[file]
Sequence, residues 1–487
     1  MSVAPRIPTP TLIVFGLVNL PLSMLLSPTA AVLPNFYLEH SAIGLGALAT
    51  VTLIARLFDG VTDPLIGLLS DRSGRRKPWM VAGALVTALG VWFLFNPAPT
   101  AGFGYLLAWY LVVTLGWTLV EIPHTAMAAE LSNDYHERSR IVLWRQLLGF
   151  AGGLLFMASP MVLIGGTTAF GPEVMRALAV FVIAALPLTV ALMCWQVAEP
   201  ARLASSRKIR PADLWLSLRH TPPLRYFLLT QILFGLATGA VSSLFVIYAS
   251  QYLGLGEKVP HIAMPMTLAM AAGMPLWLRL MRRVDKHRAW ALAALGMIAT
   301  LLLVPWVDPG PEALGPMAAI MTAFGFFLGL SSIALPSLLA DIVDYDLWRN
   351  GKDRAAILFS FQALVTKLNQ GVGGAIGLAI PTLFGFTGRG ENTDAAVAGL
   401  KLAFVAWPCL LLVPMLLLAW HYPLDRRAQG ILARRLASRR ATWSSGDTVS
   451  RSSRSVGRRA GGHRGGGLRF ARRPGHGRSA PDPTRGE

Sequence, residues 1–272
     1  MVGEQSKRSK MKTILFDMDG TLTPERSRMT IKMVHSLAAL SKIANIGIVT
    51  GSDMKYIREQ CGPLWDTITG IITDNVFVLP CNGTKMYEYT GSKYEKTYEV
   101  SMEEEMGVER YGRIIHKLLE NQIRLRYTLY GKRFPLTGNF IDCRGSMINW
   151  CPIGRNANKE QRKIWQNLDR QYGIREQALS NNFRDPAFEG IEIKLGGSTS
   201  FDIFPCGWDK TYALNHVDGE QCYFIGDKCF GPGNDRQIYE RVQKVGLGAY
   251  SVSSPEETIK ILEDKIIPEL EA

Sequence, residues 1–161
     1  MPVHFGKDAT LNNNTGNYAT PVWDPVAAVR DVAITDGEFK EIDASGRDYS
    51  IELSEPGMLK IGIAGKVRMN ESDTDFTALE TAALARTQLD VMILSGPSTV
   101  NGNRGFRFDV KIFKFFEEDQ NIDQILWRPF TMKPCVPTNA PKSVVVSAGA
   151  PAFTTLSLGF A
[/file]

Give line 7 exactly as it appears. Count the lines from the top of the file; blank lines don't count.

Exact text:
   251  QYLGLGEKVP HIAMPMTLAM AAGMPLWLRL MRRVDKHRAW ALAALGMIAT